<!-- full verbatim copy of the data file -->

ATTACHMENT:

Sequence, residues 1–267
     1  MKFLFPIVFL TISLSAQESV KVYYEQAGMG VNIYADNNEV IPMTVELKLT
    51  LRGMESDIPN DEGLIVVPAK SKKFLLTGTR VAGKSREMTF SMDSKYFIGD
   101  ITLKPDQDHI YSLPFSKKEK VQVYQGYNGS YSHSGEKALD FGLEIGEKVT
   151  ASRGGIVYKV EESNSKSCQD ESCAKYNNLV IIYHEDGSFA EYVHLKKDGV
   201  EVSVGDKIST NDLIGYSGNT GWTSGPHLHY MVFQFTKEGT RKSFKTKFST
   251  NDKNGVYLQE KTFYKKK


Sequence, residues 1–267
     1  MKFLFPIVFL TISLSAQESV KVYYEQAGMG VNIYADNNEV IPMTVELKLT
    51  LRGMESDIPN DEGLIVVPAK SKKFLLTGTR VAGKSREMTF SMDSKYFIGD
   101  ITLKPDQDHI YSLPFSKKEK VQVYQGYNGS YSHSGEKALD FGLEIGEKVT
   151  ASRGGIVYKV EESNSKSCQD ESCAKYNNLV IIYHEDGSFA EYVHLKKDGV
   201  EVSVGDKIST NDLIGYSGNT GWTSGPHLHY MVFQFTKEGT RKSFKTKFST
   251  NDKNGVYLQE KTFYKKK